A speech destined to cause dismay;Opinion

9th October 1998 at 01:00
Doug McAvoy wonders why the Government spent conference week talking the language of failure

PARTY conferences are hot-house affairs. Conferences of parties in power have an extra spice. Governments try to create a reality for the media which is then expected to transmit key messages to the wider world. Audiences are defined and their relevant weight and importance judged. The maximum advantage in media terms is assessed.

None of these characteristics is unique to the Labour party in conference; nor are such characteristics inherently wrong. A party must project itself and where better than at its annual conference with the world's media camped on the doorstep.

Yet, sometimes, the enormous enthusiasm to gain maximum party advantage subordinates all judgments. Teachers must wonder whether Tony Blair, despite his commitment to education, actually gives enough thought to the people responsible for turning his aims into reality. The dress rehearsal for his party conference speech took place a week before in New York. Describing the "Third Way", he pointed to the importance of addressing "certain strong interests in the education system". "We'll fight you all the way," he said. Hardly the language of partnership with teachers - or with anyone else for that matter.

However, in a powerful conference speech, Mr Blair developed his theme. He pointed to "pound;19 billion extra spending", but said "there are too few good state schools; too much tolerance of mediocrity and too little pursuit of excellence". Not a single line praising the commitment and quality of teachers' work.

In the trade this is known as balance. Additional resources cannot be given simply because they are needed to ensure that an already good job can be done better. Failure has to be highlighted in order to throw in sharp relief the success extra resources will bring.

Running alongside the Prime Minister's main theme was David Blunkett's criticism of the "miserable sods" who "sneer at" government initiatives; a criticism made at a fringe meeting.

If the phrase was meant lightly, no attempt was made to correct the spin put on it by a number of newspapers. The phrase simply stood as another Government criticism of what it perceives as an inert and whingeing profession.

In contrast, I regularly receive letters from our members describing their work. One, from a primary teacher, describes a typical day. Work begins at 7.30am. In her role as an ICT co-ordinator, she starts by sorting out computer problems. Photocopying comes next, then writing a swimming list. As a key stage 2 co-ordinator as well, liaison then takes place with other staff. After a quick word with the head, teaching begins.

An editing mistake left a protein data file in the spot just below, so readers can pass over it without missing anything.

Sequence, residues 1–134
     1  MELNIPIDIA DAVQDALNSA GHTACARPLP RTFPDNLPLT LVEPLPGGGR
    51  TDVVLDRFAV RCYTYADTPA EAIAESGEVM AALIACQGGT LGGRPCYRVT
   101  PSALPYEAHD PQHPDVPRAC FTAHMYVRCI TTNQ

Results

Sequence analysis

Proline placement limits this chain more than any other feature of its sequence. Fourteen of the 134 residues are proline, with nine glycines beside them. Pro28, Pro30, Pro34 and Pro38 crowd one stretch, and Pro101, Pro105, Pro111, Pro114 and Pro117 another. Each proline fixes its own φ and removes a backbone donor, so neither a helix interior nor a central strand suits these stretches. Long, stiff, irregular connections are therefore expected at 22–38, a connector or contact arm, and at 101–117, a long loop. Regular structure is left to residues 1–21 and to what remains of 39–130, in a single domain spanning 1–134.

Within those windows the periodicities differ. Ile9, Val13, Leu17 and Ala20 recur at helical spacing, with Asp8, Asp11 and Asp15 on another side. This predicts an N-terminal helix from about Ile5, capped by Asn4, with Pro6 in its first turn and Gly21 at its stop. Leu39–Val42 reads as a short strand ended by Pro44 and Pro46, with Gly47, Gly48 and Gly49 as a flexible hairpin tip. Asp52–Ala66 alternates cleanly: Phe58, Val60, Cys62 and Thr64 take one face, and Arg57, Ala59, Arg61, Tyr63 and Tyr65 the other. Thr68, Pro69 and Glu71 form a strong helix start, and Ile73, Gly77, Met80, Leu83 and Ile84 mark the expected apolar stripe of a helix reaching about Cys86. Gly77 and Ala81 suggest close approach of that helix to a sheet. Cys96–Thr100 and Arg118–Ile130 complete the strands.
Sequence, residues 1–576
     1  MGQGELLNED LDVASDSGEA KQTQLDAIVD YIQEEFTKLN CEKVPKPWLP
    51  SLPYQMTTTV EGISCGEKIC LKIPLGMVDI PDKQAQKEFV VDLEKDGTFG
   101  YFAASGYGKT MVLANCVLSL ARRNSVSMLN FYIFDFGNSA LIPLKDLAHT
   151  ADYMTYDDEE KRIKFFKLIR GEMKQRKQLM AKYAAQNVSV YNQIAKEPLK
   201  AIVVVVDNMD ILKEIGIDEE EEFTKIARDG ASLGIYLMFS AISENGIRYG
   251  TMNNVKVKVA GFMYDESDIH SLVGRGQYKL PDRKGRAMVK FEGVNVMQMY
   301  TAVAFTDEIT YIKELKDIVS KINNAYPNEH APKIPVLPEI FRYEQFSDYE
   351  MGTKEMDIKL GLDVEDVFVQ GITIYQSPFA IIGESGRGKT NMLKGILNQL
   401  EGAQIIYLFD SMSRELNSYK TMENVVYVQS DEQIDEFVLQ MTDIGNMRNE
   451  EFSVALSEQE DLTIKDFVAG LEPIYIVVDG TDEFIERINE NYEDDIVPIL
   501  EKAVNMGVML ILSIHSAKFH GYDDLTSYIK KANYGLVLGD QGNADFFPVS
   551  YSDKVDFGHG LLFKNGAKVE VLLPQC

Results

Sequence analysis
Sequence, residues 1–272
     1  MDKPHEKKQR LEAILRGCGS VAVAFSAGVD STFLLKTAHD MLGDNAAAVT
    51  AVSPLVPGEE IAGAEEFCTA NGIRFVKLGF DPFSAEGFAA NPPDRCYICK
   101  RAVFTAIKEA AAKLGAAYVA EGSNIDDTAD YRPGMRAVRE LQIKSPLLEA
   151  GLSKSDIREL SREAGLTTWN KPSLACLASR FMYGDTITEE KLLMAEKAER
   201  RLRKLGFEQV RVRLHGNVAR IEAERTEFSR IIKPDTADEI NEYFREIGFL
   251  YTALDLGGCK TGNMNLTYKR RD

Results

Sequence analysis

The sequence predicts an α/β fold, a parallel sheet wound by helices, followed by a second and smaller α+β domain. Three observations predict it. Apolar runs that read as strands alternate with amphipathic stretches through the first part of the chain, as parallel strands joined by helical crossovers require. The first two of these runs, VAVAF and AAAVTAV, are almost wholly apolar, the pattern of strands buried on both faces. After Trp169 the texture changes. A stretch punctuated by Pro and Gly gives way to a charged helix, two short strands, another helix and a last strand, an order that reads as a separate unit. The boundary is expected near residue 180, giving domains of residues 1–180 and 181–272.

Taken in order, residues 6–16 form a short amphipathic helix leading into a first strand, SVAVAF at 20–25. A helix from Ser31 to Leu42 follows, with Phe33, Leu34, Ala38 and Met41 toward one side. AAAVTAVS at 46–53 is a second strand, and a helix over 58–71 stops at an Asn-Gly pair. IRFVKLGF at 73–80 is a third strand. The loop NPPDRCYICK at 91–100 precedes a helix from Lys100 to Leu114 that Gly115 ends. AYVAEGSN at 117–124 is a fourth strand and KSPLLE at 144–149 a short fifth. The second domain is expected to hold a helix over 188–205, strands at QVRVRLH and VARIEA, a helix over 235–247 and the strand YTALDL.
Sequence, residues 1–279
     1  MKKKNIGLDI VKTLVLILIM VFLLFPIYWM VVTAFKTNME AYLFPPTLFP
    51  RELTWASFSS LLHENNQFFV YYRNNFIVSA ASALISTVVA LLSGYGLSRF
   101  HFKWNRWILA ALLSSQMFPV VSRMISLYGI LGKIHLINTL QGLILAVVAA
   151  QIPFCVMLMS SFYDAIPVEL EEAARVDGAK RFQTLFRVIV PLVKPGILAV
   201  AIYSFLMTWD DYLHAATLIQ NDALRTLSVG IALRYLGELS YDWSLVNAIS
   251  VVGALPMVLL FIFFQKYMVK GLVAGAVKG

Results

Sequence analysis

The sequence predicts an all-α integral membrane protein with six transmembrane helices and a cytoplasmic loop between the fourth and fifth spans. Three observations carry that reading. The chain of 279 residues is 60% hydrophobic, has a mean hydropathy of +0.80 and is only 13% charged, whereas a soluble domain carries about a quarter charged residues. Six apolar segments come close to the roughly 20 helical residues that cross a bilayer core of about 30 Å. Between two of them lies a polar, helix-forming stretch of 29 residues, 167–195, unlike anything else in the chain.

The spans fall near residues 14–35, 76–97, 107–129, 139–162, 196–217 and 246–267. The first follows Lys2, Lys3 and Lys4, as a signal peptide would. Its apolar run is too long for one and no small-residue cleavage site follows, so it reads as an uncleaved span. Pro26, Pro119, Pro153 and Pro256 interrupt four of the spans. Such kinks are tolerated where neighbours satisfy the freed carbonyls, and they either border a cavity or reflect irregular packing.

The swimming list is finished at lunch-time and permission notes written. A cup of tea is snatched during some marking. Teaching in the afternoon is followed by a meeting with the year group team.

Then work on the National Literacy Strategy follows. Preparation takes place in the evening. It is a typical day. She finishes her letter thus: "I am not a slacker, I am a dedicated teacher, but my dedication is now being abused."

The letter reflects the views of most teachers. It is a challenge for the National Union of Teachers. It is certainly a challenge for the Government - but a challenge which, in a speech dotted with challenges, the Prime Minister could not recognise. David Blunkett, in his speech, urged the conference to join him in recognising and applauding the teaching profession.

It was a speech which highlighted the additional resources he had won for schools and the half-billion pounds for tackling social exclusion. He looked forward to the Green Paper. In short, it was a speech which, on its own, deserved the applause it received.

Unfortunately, it was too late. It was received in the context of the Prime Minister's earlier remarks. The two speeches were aimed at different audiences. It was a twin-track approach targeted at securing maximum party advantage; an approach, however, without thought for the consequences.

It is impossible to square recognition of the "huge contribution" made by teachers with the phrase, "too few good state schools". Dismay and cynicism are a much more likely response from teachers than a sophisticated appreciation of the Government's need to achieve the perfect message.

Why does it matter? It matters because the Government still appears not to understand that it has a pivotal role in raising teacher morale. Party advantage appears to override, at least at conference, the need to establish a real partnership with teachers.

If the opportunity offered by the Green Paper is to be taken, then party advantage has to be put aside. Teachers' support for whatever comes out of the Green Paper is vital. It is every teacher's ambition to receive "the status, the opportunity and the pay they deserve and need to do the job", as David Blunkett put it.

Yet that opportunity will be missed if the Green Paper is constructed and sold according to the imperatives of this year's Labour conference.

Doug McAvoy is general secretary of the National Union of Teachers

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